Monday, February 25, 2008

An Alan Smithee Award

Now that the Oscars are over (dubbed the "least-watched awards show in history" by some wags who should know), Roderick Jaynes can go back into obscurity -- until the Coen Brothers need to pull him out of the closet and dust him off.

Jaynes was nominated for an Oscar for "Film Editing" for his work on "No Country for Old Men," the powerhouse that ruled the Night of Little Naked Gold Men. It wasn't his first time up for the award. Ten years ago, he was also nominated for his work on "Fargo."

Jaynes has had an enviable career. Not only has he worked extensively with some of the most original and exciting filmmaking visionaries of our time AND been recognized by the venerable Academy for his expertise, but Entertainment Weekly named him as one of the 50 Smartest People in Hollywood in 2007.

(And before you scoff at the phrase "smart people in Hollywood" as an oxymoron, ask yourself what other profession pays its principals millions of dollars for a few days of work. Based on that criterion, physicists appear to have the intelligence of yogurt for their chosen profession. It's all a matter of priorities.)

So while it appears that Jaynes is riding high, enjoying everything that life can offer: steady work, recognition, an interesting career working with interesting people -- you'll never find him out and about enjoying his good fortune. In fact, if he had won the Oscar Sunday night, he wouldn't even have made his way down the slippery slope of the stage to accept the honor.

Jaynes, you see, doesn't exist. (Check out other Oscar nominees who were similarly Not There in Stephen Saito's excellent article.)

It used to be when a movie was so destroyed in the final cut that the director wanted to put as much distance between himself and the product, the director's name would be removed from the credits, and "Alan Smithee" would get the credit. It was better than saying "Directed by Mr. X."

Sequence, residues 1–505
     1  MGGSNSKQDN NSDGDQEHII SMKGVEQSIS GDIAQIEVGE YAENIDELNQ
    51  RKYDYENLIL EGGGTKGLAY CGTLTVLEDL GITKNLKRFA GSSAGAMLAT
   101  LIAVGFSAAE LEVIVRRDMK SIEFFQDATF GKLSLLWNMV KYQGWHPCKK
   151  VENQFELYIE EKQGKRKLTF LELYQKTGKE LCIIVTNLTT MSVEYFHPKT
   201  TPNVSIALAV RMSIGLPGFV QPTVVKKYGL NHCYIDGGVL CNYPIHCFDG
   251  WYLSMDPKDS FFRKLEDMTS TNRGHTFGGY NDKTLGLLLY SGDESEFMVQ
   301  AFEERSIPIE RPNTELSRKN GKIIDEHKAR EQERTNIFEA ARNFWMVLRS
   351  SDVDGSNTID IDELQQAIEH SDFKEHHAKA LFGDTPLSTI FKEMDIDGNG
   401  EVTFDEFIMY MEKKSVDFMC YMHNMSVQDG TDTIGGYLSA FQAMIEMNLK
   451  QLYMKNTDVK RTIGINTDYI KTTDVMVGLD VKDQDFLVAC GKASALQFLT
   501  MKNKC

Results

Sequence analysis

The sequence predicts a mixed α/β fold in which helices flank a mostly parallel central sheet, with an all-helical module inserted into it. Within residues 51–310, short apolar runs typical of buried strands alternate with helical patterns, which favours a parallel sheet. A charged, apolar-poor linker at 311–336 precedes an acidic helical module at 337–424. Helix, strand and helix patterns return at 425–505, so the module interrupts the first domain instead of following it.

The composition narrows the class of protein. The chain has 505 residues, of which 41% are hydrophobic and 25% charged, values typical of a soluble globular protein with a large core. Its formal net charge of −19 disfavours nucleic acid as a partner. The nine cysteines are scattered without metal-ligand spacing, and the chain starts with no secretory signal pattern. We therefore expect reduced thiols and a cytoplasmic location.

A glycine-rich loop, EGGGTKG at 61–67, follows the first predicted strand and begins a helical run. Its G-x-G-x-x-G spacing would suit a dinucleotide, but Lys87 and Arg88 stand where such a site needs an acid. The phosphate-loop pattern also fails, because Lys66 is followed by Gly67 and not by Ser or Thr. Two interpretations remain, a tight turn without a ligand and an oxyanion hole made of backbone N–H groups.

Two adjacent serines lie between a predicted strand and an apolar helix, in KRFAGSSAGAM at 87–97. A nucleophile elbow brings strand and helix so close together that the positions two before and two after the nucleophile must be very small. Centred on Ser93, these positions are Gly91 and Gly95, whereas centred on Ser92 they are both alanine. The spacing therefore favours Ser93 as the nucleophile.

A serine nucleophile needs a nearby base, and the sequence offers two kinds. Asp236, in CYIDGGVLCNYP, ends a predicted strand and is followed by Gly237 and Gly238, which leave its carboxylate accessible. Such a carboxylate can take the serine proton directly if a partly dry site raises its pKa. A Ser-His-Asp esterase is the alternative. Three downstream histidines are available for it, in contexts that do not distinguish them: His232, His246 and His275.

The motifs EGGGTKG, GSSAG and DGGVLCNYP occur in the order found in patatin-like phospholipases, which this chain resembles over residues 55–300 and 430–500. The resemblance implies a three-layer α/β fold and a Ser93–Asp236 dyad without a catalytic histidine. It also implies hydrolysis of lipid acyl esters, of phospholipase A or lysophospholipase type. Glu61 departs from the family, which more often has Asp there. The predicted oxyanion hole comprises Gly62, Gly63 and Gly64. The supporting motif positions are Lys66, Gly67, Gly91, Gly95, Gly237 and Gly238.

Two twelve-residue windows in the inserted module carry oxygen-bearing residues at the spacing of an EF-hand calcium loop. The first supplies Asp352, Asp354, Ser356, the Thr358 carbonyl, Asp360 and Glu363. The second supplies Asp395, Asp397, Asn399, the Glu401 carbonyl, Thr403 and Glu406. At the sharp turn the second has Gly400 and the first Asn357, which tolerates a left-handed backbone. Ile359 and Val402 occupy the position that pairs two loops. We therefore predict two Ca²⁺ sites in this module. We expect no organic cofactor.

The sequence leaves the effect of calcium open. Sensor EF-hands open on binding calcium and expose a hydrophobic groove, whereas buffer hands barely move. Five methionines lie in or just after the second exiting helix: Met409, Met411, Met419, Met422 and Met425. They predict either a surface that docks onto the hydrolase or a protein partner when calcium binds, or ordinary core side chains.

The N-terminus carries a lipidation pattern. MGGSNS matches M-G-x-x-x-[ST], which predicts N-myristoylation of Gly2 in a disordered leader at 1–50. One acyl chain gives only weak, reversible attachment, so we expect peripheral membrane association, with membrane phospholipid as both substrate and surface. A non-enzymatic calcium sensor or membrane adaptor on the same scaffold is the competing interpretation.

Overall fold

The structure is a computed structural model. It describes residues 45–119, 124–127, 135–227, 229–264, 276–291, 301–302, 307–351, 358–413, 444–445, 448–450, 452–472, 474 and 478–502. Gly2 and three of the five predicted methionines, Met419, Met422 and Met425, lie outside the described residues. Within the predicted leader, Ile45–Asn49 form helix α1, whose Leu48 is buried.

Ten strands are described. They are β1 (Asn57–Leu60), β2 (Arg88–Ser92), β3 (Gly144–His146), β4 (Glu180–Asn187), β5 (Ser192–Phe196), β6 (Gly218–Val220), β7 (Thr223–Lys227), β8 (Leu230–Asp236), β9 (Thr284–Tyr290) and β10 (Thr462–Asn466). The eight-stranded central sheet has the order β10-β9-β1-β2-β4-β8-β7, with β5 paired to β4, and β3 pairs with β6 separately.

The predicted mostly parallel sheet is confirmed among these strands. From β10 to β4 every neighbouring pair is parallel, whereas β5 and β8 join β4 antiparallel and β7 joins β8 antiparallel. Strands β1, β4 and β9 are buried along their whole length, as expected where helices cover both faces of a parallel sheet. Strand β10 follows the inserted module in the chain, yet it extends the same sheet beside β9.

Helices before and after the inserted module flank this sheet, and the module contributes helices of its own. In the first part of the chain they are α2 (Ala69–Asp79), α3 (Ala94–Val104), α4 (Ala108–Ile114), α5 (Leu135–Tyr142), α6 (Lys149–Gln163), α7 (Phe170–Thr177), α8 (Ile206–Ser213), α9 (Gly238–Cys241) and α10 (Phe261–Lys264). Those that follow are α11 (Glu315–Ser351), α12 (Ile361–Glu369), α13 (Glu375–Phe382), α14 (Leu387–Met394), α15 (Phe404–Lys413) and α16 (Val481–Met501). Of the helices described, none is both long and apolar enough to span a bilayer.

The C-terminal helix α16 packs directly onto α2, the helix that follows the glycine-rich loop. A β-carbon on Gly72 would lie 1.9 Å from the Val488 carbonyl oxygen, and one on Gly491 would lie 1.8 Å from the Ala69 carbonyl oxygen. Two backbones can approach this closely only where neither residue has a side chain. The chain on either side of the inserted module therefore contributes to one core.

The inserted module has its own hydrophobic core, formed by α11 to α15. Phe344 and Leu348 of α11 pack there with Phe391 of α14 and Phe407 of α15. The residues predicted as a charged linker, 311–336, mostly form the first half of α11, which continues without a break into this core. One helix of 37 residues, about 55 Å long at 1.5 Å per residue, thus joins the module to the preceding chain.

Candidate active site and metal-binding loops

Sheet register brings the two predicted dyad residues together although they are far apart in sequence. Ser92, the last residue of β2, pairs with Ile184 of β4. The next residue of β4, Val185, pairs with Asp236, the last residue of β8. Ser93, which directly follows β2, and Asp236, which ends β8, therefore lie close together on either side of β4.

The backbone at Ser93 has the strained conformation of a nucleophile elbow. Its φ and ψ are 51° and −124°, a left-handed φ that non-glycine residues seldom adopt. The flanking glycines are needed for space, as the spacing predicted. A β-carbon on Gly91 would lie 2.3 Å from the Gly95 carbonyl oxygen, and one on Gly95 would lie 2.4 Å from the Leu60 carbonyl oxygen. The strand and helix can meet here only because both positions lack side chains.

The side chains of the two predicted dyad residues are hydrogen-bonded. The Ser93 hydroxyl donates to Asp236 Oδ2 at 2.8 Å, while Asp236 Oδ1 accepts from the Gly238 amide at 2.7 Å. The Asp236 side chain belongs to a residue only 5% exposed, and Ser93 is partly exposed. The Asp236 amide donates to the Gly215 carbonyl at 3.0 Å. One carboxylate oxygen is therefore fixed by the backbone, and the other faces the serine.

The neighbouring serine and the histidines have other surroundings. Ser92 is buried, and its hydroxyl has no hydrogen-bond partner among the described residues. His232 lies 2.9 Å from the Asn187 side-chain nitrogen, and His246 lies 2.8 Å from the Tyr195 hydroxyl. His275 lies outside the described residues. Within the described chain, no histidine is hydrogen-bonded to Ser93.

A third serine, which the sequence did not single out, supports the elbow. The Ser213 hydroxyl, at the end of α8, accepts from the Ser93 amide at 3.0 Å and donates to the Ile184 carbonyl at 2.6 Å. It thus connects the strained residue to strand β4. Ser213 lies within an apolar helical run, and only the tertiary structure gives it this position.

One would think, however, that when one did GREAT work, it would be worth putting your own name on it in case someone felt compelled to hand you a golden statue of a naked man to commemorate your achievement.

It appears that some people actually still care more about doing quality work than they do about the glitz and glamour that clutter up the pop culture landscape. They adhere to the adage that "There is no limit to what you can accomplish if you don't mind who gets the credit."

Maybe I should just put Roderick Jaynes' name on the next screenplay I start shopping around. I wonder if his agent (or the Coens) would mind. 'Cause I'm pretty sure he wouldn't complain.

Flu Thoughts

Last week, I was working on deadline to finish a screenplay in time for a regularly scheduled group who had very generously agreed to read and review it. I was working on a tight schedule, trying to get a workable draft done when -- the Flu hit.

So, for three days, I sat on the couch with my eyes closed (because every time I opened them, the room spun, and that wasn't as much fun as it might sound). It was awful. In addition to the pressure in my head from the Ick Bug, I could hear the ticking of the clock as time ebbed away and the deadline loomed closer... and closer...

It's not like I was lacking inspiration. I had all the beats of the story worked out. I knew exactly what happened next. I just had to write it. And I sat with my laptop on my knees, feeling exceedingly sorry for myself.

In the midst of the Ick Bug's visit, I had a speaking engagement last Monday night that -- somehow -- I got through. I think it went well. I was prepared for it, but I'm not delusional. I know that I wasn't on top of my game. The flu does that to you.

The upshot is: the flu symptoms subsided, the room stopped spinning, I opened my eyes again, and got back to work. I finished the screenplay on time and it's GOOD. I'm extremely happy with it. So happy, in fact, that I'm going to stick with the story for awhile and work it into a book. I sent it off on Friday for the readers to rend to shreds.